America’s Cup: Suck it up, buttercup

Published on October 5th, 2021

Sayings such as “careful what you ask for” and “sleep in the bed you made” come to mind following the 36th America’s Cup, as the narrative coming from the New Zealand defender is they can no longer afford the AC75 yachts which they conceived for competition.

But the Kiwi team contends what they have created is what the America’s Cup needs, but is the unintended consequence an evolution toward extinction? Now, while eager to push their win streak to three victories, they appear willing to do what is necessary even if it impacts the tradition of the event.

That tradition involves hosting the competition at home, and while this tradition has been broken before, those precedents are hardly cause for repetition. One was because the Swiss home lake would not suffice in 2007 as a venue, and the other was because the US team was eager in 2017 to maximize the commercial value of the event.

What makes the America’s Cup special is its history and tradition which would have the 37th America’s Cup held in New Zealand. The irony of this situation is not lost on James Dadd, whose professional career has included technical roles with both the America’s Cup and Volvo Ocean Race.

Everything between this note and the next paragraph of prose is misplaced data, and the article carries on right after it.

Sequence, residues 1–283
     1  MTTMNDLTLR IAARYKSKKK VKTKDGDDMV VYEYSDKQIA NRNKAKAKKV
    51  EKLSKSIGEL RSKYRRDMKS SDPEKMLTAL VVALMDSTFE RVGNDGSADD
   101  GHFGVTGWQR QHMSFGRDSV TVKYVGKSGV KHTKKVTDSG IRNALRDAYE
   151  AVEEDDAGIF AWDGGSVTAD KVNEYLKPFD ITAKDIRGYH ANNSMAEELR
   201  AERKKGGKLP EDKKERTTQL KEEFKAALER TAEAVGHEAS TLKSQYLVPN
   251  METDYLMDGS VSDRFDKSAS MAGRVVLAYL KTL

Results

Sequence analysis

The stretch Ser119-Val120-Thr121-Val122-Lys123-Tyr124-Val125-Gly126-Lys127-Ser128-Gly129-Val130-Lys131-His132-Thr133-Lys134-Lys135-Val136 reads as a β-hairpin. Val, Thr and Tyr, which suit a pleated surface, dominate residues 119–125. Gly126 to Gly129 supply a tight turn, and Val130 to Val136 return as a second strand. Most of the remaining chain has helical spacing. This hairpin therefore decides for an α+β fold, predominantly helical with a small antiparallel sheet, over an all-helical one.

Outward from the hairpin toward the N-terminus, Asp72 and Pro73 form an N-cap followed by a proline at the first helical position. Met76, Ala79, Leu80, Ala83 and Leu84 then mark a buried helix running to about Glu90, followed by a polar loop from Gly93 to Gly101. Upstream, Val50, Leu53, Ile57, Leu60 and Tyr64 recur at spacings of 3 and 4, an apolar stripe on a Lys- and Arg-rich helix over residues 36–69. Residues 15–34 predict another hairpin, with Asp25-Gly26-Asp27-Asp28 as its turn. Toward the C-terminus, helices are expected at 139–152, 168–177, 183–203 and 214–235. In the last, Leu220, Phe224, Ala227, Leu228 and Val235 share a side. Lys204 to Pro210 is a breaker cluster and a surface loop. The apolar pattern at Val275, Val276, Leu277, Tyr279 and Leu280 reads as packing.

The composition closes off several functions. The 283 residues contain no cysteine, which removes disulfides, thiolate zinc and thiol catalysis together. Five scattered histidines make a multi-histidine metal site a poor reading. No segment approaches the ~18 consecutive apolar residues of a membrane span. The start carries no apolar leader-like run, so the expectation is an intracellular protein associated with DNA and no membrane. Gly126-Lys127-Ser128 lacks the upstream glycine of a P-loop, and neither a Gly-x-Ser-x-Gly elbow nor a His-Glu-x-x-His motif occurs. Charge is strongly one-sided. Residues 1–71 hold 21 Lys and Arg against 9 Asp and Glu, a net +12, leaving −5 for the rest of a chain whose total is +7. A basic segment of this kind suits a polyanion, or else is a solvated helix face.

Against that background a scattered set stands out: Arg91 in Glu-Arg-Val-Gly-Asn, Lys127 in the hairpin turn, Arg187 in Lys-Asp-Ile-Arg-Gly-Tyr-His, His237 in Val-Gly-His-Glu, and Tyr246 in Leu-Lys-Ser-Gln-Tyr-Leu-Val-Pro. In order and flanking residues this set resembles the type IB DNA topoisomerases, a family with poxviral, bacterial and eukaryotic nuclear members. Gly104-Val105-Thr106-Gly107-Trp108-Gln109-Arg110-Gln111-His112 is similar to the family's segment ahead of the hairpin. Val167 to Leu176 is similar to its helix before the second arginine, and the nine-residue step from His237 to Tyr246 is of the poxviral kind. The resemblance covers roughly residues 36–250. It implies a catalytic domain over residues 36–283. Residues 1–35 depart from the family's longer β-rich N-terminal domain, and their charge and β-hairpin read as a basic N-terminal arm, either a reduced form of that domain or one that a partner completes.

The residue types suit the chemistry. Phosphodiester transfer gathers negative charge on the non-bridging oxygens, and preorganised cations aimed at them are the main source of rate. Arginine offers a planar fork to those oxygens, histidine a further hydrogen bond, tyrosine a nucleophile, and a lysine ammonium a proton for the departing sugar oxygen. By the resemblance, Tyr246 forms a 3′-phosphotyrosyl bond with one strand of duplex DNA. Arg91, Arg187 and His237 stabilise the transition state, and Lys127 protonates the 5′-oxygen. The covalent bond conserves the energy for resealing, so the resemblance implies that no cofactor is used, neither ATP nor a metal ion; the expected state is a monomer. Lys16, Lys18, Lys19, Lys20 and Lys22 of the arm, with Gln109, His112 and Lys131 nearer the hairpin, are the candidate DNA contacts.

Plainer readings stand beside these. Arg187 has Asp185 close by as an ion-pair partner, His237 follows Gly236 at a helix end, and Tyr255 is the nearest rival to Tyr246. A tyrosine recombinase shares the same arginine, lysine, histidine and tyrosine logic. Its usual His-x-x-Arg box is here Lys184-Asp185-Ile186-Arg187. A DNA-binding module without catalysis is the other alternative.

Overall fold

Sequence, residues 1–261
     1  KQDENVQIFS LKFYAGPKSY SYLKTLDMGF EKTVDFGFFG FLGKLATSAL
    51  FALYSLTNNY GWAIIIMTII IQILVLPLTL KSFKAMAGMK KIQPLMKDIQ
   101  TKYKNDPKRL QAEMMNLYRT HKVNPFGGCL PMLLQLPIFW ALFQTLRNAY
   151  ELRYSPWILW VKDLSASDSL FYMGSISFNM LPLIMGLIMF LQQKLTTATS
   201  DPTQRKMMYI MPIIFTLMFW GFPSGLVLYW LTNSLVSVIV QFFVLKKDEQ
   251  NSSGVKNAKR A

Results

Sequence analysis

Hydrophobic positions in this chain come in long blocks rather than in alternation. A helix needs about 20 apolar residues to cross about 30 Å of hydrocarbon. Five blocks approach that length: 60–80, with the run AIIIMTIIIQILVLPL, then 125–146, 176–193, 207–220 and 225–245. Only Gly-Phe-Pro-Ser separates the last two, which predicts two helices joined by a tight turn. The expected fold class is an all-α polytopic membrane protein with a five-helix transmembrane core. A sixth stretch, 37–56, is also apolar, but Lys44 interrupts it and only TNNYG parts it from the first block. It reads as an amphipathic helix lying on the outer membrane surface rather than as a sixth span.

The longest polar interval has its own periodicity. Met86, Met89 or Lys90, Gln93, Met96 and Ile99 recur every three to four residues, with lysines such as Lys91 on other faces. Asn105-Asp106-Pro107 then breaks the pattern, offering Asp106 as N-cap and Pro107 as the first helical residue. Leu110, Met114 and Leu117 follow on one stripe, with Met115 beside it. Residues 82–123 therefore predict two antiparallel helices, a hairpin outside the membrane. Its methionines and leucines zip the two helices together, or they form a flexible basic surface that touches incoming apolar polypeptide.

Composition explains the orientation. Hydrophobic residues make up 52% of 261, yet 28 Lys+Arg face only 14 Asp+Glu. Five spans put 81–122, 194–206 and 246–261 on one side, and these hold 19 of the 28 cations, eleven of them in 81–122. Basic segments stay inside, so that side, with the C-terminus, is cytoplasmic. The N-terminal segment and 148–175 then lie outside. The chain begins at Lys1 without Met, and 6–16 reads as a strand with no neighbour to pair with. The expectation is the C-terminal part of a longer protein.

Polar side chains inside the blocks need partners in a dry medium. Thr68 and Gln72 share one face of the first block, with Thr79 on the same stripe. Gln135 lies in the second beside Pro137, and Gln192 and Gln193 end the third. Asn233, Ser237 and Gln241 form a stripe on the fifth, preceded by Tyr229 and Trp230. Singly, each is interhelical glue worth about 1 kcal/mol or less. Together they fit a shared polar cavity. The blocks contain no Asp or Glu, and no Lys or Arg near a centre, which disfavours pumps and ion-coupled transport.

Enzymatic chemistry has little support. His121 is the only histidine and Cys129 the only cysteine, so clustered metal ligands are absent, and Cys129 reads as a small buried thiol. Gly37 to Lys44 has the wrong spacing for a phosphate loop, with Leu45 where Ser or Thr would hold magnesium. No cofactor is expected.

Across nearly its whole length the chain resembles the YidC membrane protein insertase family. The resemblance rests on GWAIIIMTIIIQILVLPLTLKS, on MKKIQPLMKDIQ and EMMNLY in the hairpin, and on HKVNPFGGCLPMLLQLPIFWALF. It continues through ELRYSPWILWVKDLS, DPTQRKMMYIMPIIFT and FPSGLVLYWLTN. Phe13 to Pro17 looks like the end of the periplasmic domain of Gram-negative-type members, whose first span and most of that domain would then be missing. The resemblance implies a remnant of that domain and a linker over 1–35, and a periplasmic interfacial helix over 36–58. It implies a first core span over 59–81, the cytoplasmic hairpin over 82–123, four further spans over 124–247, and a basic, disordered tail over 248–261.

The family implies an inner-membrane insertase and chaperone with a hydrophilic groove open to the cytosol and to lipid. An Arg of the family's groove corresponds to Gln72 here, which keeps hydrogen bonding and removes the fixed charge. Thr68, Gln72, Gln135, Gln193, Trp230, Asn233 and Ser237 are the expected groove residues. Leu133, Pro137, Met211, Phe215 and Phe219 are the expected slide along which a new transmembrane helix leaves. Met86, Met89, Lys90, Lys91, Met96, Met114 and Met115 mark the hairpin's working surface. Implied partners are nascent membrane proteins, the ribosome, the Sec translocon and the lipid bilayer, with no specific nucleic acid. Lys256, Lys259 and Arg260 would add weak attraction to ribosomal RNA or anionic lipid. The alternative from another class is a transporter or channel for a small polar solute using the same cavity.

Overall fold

“Unlike any other international competition, the America’s Cup puts the defender firmly in charge of setting the rules of competition,” note Dadd. “That is not only with regards to venue and format, but all aspects of the competition. So, if the costs are beyond the defender, it is their responsibility alone.

“If the boats are too expensive, then they are the only ones in a position to set cost cutting measures. They are in a unique position in any sport, where as the defender, if they can’t afford to defend, they can simply change the rules so that they can afford it. Worst case scenario is they change to Maxi72s on steroids, cut costs, increase challengers, race at home, and suck it up.

“Might not be what everyone wants, but a home defense with lots of challengers and a good return for the NZ people and government is better than two or three challengers in a remote venue and no home, for the sake of the choice of class.

“They can always go back to the science projects when and if the event can support it. Which right now, it clearly cannot.”

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